Other things that bothered me where quite nit-picky. Sometimes the language was overly written, this superfluous verbosity made me want to smack Eugenides from time to time, just as you probably wanted to do to me for using the phrase superfluous verbosity. This tendency in fact reminded me very much of Michael Chabon's The Final Solution, wherein I felt that Chabon wrote the book with a thesaurus full of obscure words just to drive me slightly insane. While Eugenides doesn't reach Cabon's heights of undesirable loquaciousness, he did have me shaking my fist and looking for a dictionary every once in a while.

Eugenides has a deft hand for humor, often leading to me laughing out loud, but occasionally he took the humor too far and it became a parody that didn't work. For example, the midnight car chase, started out funny, with it basically being the most sedate car chase ever, but then, it went over the top, and almost became a scene from one of Matt Damon's Bourne movies, but with an odd out-of-body coda. This, this was too much. As was the peep show in San Francisco. I'm not saying that this didn't work, I'm saying, it was more John Waters or David Lynch than any other part of the book and therefore did not feel like it was a part of this book.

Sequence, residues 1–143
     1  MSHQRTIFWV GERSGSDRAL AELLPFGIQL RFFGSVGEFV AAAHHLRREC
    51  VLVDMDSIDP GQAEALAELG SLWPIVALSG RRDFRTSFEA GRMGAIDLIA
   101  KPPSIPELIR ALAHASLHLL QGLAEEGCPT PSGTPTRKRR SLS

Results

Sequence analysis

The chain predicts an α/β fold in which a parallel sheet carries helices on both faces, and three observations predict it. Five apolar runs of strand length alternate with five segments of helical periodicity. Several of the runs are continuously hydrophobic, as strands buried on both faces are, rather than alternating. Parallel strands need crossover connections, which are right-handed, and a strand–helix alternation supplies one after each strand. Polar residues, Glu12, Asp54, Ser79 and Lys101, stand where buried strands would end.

String us along for hundreds of pages, at least Eugenides delivered where it mattered most. Callie. While parts of "her" own story I didn't like, such as the lecherous older men when she was younger and her slightly pervy brother, once she became a teenager the book soared. All teenagers have the feeling that something is wrong with them, that they are different. While, with Callie, this is indeed the case, it was still a struggle anyone can identify with, we didn't all start out as adults. The feelings for the Obscure Object, could be any crush or first love. But what I was really struck by was how well a male writer could capture the beginning of womanhood, to use a cliched phrase. All girls go through the waiting game of when they will start to develop. When will they need a bra, when can they start shaving, when do they need deodorant. When will they start to menstruate. In Callie's case, it is a futile waiting game, yet it's the fact that "she" doesn't know that it's futile like we readers do, that makes it that much more poignant. For me it recaptured that time in my life. I felt all these emotions that I had forgotten about all over again. For me it took me back to the summer of 1991 and how my golden birthday was ruined by the arrival of the bane of womanhood. Yet this book made me grateful. Made me realize how lucky I was. Middlesex cast a golden light on my own development and made me happy that I could re-experience that time in my life. Recapture the uncertainty and, like Callie when she becomes Cal, know the feeling of what it's like to realize who you are and start on the path to becoming who you will be.